Dry kibble is the go-to for most cat owners. It’s not hard to see why. Dry morsels are easier to store, don’t require much preparation, and are accessible at most grocery stores.
While those dry bits can meet a cat’s nutritional needs, there are better options.
Cue the wet food!
Whether you buy it in a can, pouch, or plastic tray, wet food is closer to what felines eat in the wild.
Formulas can have similar ingredients to dry kibble. However, wet recipes have more protein, lower carbohydrates, and higher moisture content.
That’s more akin to freshly caught prey, which is why many animal experts believe that wet diets are better for cats.
So, you decide to switch to wet food.
You want the very best for your feline friend, right? There’s just one issue: Your cat’s not eating it!
Considering how flavor-packed and aromatic wet food is, you would think that most cats would gobble the stuff down in minutes. What gives?
6 Reasons Why Your Cat Won’t Eat Wet Food
Cats are complex creatures, and figuring out what they’re thinking is never easy! But we can use our knowledge of cat behaviors to understand some of their more confusing actions better.
Here are a few reasons your cat might not be keen on eating wet food.
An Addiction to Kibble
Did you know that some dry foods can have an addictive quality?
It’s undoubtedly a sketchy approach to food manufacturing, but it’s more common than most pet owners realize.
Some brands will coat the pieces of kibble with a flavorful animal digest spray. Cats love the stuff, so the food becomes pretty addictive.
If you’ve given your cat some catnip, you know it’s not hard to get felines infatuated with something!
Unfortunately, that can create problems when it’s time to switch to wet food. Some cats don’t take too well to that withdrawal, outright refusing to eat anything else.
Does your cat lick up the gravy but leave the bits of food behind?
That might indicate that your cat is suffering from dental issues.
There’s a good chance that your furry friend showed some signs of trouble before you tried switching to wet food. But because this is a newer product they’re not familiar with, they may exercise more caution than usual.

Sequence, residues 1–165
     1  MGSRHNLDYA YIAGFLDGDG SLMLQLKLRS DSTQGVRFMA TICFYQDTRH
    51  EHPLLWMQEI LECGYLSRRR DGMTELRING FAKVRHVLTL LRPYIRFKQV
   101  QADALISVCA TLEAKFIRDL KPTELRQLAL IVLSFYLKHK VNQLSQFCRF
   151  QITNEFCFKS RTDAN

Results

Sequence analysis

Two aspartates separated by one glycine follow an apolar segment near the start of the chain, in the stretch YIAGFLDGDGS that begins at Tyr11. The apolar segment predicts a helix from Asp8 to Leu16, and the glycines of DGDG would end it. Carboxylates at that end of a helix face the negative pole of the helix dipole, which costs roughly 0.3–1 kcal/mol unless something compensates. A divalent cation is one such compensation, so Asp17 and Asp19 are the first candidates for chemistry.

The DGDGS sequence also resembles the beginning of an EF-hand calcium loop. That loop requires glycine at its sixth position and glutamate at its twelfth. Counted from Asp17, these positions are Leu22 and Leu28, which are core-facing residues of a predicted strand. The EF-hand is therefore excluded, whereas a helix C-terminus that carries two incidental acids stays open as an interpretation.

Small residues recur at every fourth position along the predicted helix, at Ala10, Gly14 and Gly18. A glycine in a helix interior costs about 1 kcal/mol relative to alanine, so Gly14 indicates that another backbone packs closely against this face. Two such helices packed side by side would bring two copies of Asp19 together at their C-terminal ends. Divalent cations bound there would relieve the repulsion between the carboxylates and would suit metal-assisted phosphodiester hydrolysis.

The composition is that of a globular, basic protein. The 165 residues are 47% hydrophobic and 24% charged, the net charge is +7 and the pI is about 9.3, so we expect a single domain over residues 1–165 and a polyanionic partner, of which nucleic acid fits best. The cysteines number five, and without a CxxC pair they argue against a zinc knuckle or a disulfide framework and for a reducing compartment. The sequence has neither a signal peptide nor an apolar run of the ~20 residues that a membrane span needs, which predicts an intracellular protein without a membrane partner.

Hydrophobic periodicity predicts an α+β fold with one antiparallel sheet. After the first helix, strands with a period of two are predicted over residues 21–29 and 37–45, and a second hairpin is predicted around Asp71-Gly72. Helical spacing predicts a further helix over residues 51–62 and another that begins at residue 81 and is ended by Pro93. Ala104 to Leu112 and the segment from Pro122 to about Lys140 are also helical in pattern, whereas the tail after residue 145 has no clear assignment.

Dental problems are widespread with cats.
Periodontal disease can get bad fast, resulting in other health problems with the kidneys. Don’t ignore those signs of trouble! Visit your vet and get the care your cat deserves.
Potential Health Issues
If dental dismay isn’t to blame for your cat’s aversion to wet food, it could be another underlying health issue. It’s rare, but it’s worth considering.
Many health problems could impact your cat’s appetite.
From parasites and pancreatitis to standard gastrointestinal upsets, it all can cause appetite changes. If this problem persists, visit your vet stat!
Of course, sometimes the problem is simply a flavor issue!
Cats have preferences just like humans. If they’re not thrilled about a product’s taste, they will not force themselves to eat it.
But what if they suddenly stop eating food they’ve eaten for months? If that happens, the manufacturer might have changed the formula.
That happens pretty often, and it’s not always advertised. Swapping out a single ingredient can throw the flavor off and force your cat to hate it.
A Need for Something New
On the opposite side of the spectrum, your cat could be bored!
Some pets are pickier than others. Those pickier felines aren’t thrilled about eating the same food repeatedly.
In that case, the refusal to consume the food you put in front of them is more like a stubborn boycott than anything else.
A Preference for Routine
Is your cat one that prefers to stick in the comforts of home?
While cats have a reputation for venturing off and getting into trouble, some like to surround themselves with things they are familiar with seeing daily.
That includes food!
A sudden switch to wet food can be too much to handle.
Your cat might feel trepidation around the new product, forcing them to avoid eating it.
How to Encourage Your Cat to Eat Wet Food
Watching your cat refuse to eat can be worrisome. But as long as they’re not suffering from dental or medical issues, it’s not a massive cause for concern.